There are many reasons a deal could fall apart. Number one is preparedness. If somebody’s product is serving the customer’s needs better than ours, that’s stuff that reps can’t control. It’s making sure you understand who every stakeholder is. Every stakeholder in the buying committee has their own selfish reasons why they want to choose one vendor or another. It’s up to you to figure out what those interests are and cater to them. If you follow the plan and you cater to each stakeholder’s needs, you’ll win.
With the economic downturn, people are looking for lower customer acquisition costs. Partnerships deliver that. Over the last 10 years, it was marketing automation that dominated, and CRM the decade before. This is the decade of ecosystems. There’s going to be a major transition from a seller-centric process to a buyer-centric process. A third of buyers desire a seller-free experience, and that number jumps to 44% for millennials.
There’s so much technology available for buyers. They need to be smarter about their evaluation process. The second you realize you have a problem and feel the urge to go make a purchase, you should stop and say, what are my real requirements? What are the considerations for every stakeholder involved in this decision? Let’s make this a formal objective buying process and invite multiple vendors to the table to answer our questions. That’s the direction things are going, buyers will completely control cycles, and sales reps will be more in the business of guiding and gathering information.
Sam Jacobs: Buyers prefer a seller-free experience. As a consequence of that, they might have a preference for something that’s actually suboptimal to their interests.
Alex Buckles: Sellers add a lot of value. Most buyers desire a seller-free experience because nobody wants to be sold to. If you’ve got a sales rep that’s doing their job properly, they’re adding tremendous value. More seasoned buyers will value that experience over a seller-free experience.
Pay if Forward [26:34]
Sam Jacobs: One of the last things we do is pay it forward and hear about organizations, ideas, books, content, anything that’s had a big influence on you, that might inspire us, or give us new or interesting ideas.
Alex Buckles: I’m going to recommend a consultant, his name is Simon Bowen, and you can visit him at modelsmethod.com. He’s developed the most advanced method of selling or communicating value that I’ve ever experienced. It’s frankly changed the way that I sell permanently. It involves deep thinking about your product service and the value that you’re delivering. When you combine that with leveraging and using visual frameworks, it’s a different way of selling. That skill will serve you for the rest of your career.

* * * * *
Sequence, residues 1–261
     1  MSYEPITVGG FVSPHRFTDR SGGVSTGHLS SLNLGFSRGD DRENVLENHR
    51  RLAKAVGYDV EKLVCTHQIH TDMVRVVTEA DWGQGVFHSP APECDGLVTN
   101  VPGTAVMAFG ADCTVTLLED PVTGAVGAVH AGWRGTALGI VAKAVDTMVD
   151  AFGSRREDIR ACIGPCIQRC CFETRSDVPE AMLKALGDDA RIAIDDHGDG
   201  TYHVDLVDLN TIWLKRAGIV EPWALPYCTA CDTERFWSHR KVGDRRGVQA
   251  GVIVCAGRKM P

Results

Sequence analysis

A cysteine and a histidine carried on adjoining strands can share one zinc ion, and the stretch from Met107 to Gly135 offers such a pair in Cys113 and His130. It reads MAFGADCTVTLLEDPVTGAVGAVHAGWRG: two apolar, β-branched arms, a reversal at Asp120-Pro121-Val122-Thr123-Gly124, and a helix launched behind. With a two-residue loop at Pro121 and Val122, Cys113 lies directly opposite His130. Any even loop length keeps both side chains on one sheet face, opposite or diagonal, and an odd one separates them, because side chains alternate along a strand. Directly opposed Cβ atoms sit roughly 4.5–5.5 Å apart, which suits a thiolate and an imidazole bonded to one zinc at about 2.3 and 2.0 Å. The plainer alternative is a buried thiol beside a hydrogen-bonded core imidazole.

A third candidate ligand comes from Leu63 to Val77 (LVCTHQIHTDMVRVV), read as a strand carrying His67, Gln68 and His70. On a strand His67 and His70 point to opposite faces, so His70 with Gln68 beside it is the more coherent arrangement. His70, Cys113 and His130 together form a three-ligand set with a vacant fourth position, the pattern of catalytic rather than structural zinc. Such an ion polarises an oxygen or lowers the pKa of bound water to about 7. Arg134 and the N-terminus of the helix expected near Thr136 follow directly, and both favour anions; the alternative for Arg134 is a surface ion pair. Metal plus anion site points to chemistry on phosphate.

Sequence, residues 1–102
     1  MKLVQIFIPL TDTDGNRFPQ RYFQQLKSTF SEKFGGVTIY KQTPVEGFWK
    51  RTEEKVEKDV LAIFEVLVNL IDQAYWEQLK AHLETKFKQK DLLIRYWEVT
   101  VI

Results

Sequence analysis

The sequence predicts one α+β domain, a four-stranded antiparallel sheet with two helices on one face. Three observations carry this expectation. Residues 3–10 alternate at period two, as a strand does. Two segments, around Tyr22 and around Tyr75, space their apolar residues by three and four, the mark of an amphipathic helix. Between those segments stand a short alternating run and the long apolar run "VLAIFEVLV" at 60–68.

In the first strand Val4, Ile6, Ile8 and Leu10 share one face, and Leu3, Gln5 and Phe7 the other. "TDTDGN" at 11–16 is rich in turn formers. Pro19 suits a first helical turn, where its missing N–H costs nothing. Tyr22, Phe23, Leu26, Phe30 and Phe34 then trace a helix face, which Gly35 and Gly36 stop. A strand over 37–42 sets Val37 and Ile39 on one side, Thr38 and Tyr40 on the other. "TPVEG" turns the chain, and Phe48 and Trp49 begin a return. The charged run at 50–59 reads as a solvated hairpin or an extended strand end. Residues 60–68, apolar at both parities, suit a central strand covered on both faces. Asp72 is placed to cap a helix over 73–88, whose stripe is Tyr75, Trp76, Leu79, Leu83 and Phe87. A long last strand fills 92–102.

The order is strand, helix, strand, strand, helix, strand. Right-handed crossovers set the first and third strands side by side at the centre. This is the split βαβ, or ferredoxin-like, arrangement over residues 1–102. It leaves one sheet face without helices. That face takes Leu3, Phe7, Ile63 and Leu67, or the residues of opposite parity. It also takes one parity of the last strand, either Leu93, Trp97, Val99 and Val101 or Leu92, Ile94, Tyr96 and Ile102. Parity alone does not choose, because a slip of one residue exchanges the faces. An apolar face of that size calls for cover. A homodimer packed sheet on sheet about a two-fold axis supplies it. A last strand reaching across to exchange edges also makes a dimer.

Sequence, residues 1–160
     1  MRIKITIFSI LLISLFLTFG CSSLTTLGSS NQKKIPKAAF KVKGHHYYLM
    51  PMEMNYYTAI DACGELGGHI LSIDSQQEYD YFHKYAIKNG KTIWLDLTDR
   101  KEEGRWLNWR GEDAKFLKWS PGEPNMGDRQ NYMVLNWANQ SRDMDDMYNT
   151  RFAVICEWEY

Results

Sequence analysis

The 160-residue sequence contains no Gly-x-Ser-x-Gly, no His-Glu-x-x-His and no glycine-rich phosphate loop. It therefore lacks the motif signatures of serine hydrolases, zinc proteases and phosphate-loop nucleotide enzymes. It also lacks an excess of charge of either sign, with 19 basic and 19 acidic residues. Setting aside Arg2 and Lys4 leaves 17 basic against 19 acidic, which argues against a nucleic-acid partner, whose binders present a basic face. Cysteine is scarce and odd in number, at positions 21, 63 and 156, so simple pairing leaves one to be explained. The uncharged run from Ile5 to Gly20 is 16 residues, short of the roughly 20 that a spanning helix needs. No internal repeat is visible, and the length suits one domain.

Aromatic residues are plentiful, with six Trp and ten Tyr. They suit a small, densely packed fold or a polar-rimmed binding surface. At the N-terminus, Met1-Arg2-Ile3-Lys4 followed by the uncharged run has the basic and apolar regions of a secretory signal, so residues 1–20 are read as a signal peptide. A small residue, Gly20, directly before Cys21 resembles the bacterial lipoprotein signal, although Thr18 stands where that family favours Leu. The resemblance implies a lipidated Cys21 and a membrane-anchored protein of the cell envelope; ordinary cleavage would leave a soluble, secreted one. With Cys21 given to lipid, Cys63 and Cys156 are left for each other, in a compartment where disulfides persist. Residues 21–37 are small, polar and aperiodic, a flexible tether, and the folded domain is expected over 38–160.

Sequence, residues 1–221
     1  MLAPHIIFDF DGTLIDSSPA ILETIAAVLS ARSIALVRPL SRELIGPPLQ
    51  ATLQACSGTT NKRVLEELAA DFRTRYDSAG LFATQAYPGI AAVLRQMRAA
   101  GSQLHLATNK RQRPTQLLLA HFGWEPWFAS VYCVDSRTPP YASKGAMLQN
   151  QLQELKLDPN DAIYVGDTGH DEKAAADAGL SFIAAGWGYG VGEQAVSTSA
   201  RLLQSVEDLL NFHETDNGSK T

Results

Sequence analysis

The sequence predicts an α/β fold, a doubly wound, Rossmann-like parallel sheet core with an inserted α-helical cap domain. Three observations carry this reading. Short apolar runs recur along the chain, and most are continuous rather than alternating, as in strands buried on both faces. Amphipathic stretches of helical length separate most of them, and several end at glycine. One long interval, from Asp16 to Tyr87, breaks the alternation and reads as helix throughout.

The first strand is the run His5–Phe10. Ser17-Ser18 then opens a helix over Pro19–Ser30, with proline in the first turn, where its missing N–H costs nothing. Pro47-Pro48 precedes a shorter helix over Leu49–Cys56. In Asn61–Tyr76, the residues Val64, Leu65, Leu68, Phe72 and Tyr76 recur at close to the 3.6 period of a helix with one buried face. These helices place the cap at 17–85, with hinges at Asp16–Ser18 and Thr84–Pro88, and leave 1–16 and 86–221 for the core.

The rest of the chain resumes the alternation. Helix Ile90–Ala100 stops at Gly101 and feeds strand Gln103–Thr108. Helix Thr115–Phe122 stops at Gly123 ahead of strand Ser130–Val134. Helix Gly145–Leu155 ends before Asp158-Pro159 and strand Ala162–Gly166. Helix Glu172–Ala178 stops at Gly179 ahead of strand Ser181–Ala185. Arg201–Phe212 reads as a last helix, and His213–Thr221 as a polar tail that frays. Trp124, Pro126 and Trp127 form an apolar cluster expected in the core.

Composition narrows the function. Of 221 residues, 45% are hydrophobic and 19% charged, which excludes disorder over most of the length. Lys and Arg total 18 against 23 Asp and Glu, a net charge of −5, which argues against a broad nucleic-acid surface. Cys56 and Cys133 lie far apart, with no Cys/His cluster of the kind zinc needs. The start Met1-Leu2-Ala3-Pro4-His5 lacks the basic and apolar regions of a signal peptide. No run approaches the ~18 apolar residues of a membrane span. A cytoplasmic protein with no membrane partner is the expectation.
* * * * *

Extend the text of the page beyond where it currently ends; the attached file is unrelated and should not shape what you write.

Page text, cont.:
Sam’s Corner [28:36]
Sam Jacobs: Hi everybody, Sam’s corner. Love that conversation with Alex Buckles. He’s a member of Pavilion. We just spent a week together in Ireland, doing cool stuff like climbing off the western coast in the Aran Islands.
The direct outbound sales motion of hiring tons of SDRs, pummeling people’s inboxes, their cell phones, their LinkedIn inboxes, there’s got to be a different way. If technology can help us to go-to-market in a more efficient way, that’s what’s going to win. SDRs spend three to six months ramping up, you’re good at your job, and you’re immediately quitting, want to get promoted, or become an account executive. The actual act of generating meetings and the productivity associated with that is not great. There’s pressure to invent new kinds of go-to-market strategies. And partner co-selling is one of them. That’s not necessarily new, but it’s effective.
The harder it is to rip out a complicated set of workflows, products, and solutions, the more likely they are to renew. It shows up in churn reduction, which extends the lifetime of the customer and pays for itself many times over. There are a lot of interesting ideas circling around this partnership concept, a lot of interesting ways that two companies can deliver a better solution than just each company on their own.
If you want to reach out, you can, Sam at JoinPavilion.com, or find me on LinkedIn. Alright, I’ll talk to you next time.